Was there ever a custom to make statues of deceased children?

Many years ago, my mother was at an antique market or similar venue, where she overheard some people talking about a piece of statuery there. Specifically, it represented a little girl with angel wings. My mother reported to have one of the people ask the other: “How did she die?” - implying that it represented a specific child - perhaps even one known to the other person(!?)

Was this some kind of custom or genre (like in the days when child mortality was higher) to have custom-made representations of one deceased children in the guise of angels?

I’ve never heard of statues to look like a specific person in such instances. I’m sure it’s happened, but don’t know of any customs and would probably be expensive.

Angels and sheep are common enough on tombstones of children so it could have been something along those lines.

Don’t know about statues, but there used to be a practice of taking a family picture with a recently deceased family member, especially if a child died young. I’ve seen several of these online and they are creepy-- the child is often propped up to appear sitting or even standing, and sometimes they even painted false eyes on the closed eyelids.

I can easily imagine some people purchasing an angel statue as a representation of the deceased child as an alternate remembrance-- it certainly seems much less morbid than taking a picture of the deceased.

There are tons of gravestones that have statues of various kinds, including some that are supposed to represent the deceased. Some of the best fine grained pale blue granite was mined and carved here in Rhode Island and many of our cemeteries are adorned with statues. However, most of the smaller statues appear to be generic angels. For a young enough child I think it would be difficult to tell.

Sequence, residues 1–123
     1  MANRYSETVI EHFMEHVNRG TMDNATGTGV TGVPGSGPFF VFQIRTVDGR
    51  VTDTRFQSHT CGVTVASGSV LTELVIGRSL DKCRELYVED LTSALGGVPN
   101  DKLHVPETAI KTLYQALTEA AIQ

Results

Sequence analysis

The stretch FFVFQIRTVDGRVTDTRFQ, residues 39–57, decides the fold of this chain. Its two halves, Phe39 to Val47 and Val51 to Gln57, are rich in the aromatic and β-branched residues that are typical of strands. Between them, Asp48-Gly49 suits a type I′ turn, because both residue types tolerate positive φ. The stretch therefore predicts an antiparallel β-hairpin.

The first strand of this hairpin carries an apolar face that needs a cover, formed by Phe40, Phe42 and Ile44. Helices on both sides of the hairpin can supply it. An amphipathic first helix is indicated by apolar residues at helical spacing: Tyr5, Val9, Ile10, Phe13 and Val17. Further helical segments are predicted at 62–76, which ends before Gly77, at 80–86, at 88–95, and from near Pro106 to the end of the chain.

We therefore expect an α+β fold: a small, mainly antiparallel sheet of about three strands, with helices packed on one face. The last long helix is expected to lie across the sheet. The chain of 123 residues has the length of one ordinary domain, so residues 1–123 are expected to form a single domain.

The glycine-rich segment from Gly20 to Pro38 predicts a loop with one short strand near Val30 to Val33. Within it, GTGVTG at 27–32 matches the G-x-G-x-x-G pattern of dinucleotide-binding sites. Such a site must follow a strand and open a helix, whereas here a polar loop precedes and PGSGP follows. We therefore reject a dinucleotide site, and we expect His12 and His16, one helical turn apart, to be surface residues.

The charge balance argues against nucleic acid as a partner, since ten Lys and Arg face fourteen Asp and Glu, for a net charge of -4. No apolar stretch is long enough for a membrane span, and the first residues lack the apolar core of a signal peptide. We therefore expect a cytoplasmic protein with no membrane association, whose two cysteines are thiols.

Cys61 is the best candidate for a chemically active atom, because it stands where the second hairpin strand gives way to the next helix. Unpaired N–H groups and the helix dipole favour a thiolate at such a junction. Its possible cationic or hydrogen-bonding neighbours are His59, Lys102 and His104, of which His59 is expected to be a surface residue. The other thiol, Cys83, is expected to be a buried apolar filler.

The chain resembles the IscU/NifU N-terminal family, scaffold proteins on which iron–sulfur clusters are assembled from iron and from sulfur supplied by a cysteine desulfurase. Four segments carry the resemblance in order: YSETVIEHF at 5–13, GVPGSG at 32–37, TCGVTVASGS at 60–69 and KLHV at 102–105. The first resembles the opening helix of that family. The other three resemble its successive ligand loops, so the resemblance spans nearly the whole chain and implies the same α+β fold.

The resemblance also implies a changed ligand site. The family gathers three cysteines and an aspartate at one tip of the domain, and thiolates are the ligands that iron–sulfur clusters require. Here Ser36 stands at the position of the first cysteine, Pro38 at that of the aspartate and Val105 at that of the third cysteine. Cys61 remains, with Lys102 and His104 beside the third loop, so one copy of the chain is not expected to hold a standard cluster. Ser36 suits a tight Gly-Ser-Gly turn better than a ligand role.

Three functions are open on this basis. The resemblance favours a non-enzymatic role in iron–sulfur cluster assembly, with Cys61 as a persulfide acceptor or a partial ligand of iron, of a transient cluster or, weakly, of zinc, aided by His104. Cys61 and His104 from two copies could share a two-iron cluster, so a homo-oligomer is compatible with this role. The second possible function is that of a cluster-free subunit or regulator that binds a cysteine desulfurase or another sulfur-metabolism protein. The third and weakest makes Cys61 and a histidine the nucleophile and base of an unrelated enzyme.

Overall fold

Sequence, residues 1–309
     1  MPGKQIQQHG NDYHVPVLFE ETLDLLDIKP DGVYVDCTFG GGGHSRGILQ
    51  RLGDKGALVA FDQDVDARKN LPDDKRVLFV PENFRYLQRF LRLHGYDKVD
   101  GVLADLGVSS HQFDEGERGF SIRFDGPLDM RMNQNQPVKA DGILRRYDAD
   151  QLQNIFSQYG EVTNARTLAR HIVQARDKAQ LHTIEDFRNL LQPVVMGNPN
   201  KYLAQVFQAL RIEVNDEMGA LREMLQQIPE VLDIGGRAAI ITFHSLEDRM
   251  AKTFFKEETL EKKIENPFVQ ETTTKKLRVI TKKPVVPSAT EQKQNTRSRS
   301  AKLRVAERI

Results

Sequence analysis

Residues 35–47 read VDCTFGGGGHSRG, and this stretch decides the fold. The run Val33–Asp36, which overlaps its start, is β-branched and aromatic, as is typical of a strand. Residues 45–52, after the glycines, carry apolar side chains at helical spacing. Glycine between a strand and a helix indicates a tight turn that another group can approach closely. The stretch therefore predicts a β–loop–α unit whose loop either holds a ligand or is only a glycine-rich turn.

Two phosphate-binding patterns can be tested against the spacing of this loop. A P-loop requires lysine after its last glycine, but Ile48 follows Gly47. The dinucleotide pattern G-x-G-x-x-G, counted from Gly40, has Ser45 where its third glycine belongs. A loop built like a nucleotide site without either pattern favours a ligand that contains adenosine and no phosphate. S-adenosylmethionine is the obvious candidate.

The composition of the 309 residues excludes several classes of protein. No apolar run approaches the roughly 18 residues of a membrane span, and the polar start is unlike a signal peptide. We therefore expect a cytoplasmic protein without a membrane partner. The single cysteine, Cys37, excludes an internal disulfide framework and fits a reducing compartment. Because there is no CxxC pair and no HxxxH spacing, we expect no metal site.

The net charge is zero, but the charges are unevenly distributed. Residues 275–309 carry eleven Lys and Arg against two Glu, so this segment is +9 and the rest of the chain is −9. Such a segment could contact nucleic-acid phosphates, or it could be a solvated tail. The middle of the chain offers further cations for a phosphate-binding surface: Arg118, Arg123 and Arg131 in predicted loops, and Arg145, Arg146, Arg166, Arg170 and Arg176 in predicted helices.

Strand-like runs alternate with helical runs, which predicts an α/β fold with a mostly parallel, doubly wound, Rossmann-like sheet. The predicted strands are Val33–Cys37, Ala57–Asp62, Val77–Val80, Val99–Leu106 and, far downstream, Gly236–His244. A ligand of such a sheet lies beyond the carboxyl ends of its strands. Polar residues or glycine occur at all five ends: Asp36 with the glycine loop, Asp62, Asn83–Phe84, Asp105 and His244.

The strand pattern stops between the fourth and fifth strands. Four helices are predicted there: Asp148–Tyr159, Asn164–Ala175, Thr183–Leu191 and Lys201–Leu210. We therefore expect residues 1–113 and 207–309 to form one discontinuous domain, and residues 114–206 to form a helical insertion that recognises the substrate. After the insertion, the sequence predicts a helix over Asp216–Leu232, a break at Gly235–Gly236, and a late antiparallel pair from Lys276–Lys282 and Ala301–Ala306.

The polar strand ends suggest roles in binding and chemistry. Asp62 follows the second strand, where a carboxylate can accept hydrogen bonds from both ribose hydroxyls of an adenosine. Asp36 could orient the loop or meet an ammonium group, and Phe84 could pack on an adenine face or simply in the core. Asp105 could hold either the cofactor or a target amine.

Here’s a modern example. Not routine though (thankfully)

Possibly the statue had the name and dates of the deceased child engraved or painted on it?

There’s a place in Sicily where the deceased were dressed in their Sunday best and mummified and then hung up in the church crypt. In one spot, the documentary showed a young girl up on the wall, and then some very old lady mentioned she remembered playing with her when the two were young girls (and alive).

I have a friend who lost her only daughter as a stillbirth, about 20 years ago. She memorialised this every year on her daughter’s birthday with a small statuette of a girl of the age her daughter would have been that year. The last I actually saw her post on FB about this (she lives overseas so I don’t see her in person) was on the twelfth anniversary - she may or may not have kept up the practise after that.

Nothing a family does these days to process the death of a child is going to be incredibly common … because only a minority of people lose young children. But making stautes is the kind of thing people do, even when there’s not a cultural exemplar to tell them “this is what you do”. And representing dead children as angels with wings is incredibly common - people certainly do that all the time today.

This page
mentions various forms of effigies and puppets, but mostly of kings, lords, princes, saints, etc., not random children.

That’s possible, I hadn’t thought of that.

The most striking thing about this story is the fact that one of the people asked “How did she die?”, implying that the identity of the child was known. Of course, this is all hearsay and happened long ago; who knows whether my mother retained the whole context of what transpired in that conversation.

No angel wings, but a grave statue of Inez Clarke